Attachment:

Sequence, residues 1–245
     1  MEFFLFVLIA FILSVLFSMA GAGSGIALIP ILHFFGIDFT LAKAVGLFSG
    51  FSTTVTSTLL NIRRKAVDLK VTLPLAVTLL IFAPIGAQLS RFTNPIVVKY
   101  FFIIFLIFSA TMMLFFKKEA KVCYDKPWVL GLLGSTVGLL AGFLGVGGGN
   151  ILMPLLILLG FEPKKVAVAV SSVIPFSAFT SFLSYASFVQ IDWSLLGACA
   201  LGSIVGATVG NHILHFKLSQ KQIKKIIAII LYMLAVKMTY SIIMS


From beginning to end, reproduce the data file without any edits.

Sequence, residues 1–245
     1  MEFFLFVLIA FILSVLFSMA GAGSGIALIP ILHFFGIDFT LAKAVGLFSG
    51  FSTTVTSTLL NIRRKAVDLK VTLPLAVTLL IFAPIGAQLS RFTNPIVVKY
   101  FFIIFLIFSA TMMLFFKKEA KVCYDKPWVL GLLGSTVGLL AGFLGVGGGN
   151  ILMPLLILLG FEPKKVAVAV SSVIPFSAFT SFLSYASFVQ IDWSLLGACA
   201  LGSIVGATVG NHILHFKLSQ KQIKKIIAII LYMLAVKMTY SIIMS